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Nashville conference discusses problems in electronic voting

For The Tennessean   09 April 2005

Election reform advocates have gathered in Nashville this weekend to discuss problems with electronic balloting that occurred in last year's presidential election.

Citizens, researchers, activists and elected officials said yesterday that the balloting system and the electronic voting machines could have intimidated voters who didn't understand the voting process, from whom they were voting for to what precinct they were supposed to vote in.

More than 20 states experienced problems with electronic voting machines. These officials believe this affected the election's outcome.
The National Reform Conference ? with representatives from 26 states and more than 60 organizations ? will continue to discuss this issue at 8:30 a.m. today at Jefferson Street Missionary Baptist Church, 2708 Jefferson St.

''Those who vote decide nothing. Those who count the vote decide everything,'' said conference organizer Bernie Ellis, quoting Joseph Stalin, a former Russian dictator.

This conference brings together as many as six political parties: Democrat, Republican, Libertarian, Green Party, Constitution and Independent.

Ellis said he was happy ''to bring party members together even when we are arguing about partisanship, but in the end remembering what unites us.''

After the 2004 presidential election, several states reported election discrepancies.

Representatives from five of these states ? Ohio, Florida, New Mexico, Washington and North Carolina ? will give detailed reports today about informal post-election investigations of election fraud.

Sharona Merel from New Hampshire, a member of the National Ballot Integrity Project, told the audience that there was evidence that the electronic balloting system was manipulated.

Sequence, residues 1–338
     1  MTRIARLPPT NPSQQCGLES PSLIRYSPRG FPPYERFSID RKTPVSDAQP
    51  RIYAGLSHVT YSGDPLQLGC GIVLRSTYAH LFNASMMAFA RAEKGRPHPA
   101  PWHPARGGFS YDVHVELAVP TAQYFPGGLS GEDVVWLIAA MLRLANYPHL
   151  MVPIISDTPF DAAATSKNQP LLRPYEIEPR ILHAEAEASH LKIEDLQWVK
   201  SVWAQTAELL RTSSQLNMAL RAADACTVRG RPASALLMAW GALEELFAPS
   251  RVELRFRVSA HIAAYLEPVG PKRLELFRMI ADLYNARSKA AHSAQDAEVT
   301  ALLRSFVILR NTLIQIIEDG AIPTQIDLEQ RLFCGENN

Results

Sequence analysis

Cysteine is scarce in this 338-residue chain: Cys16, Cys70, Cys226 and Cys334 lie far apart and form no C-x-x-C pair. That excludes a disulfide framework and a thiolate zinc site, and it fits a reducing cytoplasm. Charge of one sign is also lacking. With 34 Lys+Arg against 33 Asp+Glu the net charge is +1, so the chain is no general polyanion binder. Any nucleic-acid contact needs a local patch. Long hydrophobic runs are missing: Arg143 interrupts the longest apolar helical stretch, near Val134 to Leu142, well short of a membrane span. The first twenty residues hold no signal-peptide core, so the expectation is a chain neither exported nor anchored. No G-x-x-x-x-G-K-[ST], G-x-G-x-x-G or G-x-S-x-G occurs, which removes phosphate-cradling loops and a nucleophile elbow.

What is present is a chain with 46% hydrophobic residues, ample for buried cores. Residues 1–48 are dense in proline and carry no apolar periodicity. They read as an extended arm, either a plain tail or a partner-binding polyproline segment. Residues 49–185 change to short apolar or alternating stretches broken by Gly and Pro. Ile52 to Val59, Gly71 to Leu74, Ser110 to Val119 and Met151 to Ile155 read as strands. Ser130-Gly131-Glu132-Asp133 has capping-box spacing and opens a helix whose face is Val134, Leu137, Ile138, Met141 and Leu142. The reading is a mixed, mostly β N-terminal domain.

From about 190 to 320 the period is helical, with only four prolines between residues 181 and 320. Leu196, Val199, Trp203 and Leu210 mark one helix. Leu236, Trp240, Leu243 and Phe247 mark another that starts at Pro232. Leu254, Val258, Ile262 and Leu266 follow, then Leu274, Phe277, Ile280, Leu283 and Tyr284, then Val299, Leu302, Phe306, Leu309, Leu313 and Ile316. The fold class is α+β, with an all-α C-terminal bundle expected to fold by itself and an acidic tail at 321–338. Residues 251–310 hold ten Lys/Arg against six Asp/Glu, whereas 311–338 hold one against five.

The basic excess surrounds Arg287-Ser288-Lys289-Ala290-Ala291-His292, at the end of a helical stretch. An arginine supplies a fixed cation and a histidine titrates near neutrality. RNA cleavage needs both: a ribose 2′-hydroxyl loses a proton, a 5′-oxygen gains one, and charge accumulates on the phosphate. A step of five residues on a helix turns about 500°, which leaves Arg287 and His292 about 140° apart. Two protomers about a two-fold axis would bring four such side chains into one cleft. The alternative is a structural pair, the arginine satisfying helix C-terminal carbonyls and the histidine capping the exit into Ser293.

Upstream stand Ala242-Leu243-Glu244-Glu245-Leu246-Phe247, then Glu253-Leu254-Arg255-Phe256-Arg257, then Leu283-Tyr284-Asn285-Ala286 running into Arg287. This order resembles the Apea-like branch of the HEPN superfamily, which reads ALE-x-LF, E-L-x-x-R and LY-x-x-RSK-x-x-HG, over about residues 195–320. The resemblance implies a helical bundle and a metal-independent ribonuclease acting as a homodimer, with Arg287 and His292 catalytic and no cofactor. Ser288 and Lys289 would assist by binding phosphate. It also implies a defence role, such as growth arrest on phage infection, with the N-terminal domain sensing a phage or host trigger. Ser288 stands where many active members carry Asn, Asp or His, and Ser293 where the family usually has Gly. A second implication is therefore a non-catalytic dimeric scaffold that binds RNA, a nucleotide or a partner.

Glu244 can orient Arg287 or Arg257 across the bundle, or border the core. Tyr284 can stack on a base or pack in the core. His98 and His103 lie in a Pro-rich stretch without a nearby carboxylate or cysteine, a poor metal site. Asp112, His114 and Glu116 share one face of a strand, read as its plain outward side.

''There is a full frontal assault of democracy,'' Merel said.

Referring to the touch screen voting machines, Merel told the group that voters needed to have a receipt to verify their vote, instead of votes that disappear into the screen.

In Switzerland and Germany, voters cast paper ballots that are counted by hand, speakers said. ''Simplicity is best,'' Merel said. ''Complexity is a problem.''

Richard Hayes Phillips, an Ohio election fraud researcher, told the audience that 90,000 votes still are unaccounted for in Ohio.

He also believes there should be some type of ballot verification system.

He said he did not want to believe that there were ''dirty tricks'' tainting a critically important democratic process.

''A winner should win, a loser should lose, and the people should rule,'' Phillips said.

In Davidson, no such problems were reported, said Ray Barrett, administrator of elections for Metro.

''There are 604 electronic voting machines in Davidson County,'' Barrett said. ''We have not had any problems with our machines. We love our machines.''

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